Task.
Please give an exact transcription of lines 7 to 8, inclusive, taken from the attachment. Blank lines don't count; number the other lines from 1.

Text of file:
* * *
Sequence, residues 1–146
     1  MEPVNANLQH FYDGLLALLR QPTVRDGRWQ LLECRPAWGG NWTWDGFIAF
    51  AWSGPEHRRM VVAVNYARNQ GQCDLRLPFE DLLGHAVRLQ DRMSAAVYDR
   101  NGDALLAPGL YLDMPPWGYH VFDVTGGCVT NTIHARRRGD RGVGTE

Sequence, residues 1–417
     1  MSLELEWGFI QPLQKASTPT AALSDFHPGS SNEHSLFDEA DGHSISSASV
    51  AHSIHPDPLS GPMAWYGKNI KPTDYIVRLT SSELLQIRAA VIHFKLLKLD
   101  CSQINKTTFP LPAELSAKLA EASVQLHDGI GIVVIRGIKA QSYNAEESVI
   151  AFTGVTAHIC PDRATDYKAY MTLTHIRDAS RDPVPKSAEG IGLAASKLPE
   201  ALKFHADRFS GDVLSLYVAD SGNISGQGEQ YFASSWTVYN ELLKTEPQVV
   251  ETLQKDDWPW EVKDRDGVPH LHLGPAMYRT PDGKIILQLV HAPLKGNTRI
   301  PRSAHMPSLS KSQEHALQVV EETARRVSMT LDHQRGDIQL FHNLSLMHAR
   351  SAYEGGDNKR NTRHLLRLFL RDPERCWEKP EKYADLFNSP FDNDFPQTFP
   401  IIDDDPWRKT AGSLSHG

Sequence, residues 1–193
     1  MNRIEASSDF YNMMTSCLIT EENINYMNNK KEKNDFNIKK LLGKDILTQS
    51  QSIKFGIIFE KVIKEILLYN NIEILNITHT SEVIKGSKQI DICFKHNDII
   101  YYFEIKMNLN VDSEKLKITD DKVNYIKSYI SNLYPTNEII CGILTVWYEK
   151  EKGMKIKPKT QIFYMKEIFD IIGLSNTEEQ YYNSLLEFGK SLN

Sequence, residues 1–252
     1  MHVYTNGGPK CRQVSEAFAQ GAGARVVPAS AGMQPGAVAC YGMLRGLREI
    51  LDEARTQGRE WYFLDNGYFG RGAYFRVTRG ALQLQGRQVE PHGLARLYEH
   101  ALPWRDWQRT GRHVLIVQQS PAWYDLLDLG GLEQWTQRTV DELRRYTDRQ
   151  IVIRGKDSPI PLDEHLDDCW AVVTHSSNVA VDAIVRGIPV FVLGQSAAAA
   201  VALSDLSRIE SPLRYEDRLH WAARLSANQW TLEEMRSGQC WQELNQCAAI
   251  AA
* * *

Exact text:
    51  AHSIHPDPLS GPMAWYGKNI KPTDYIVRLT SSELLQIRAA VIHFKLLKLD
   101  CSQINKTTFP LPAELSAKLA EASVQLHDGI GIVVIRGIKA QSYNAEESVI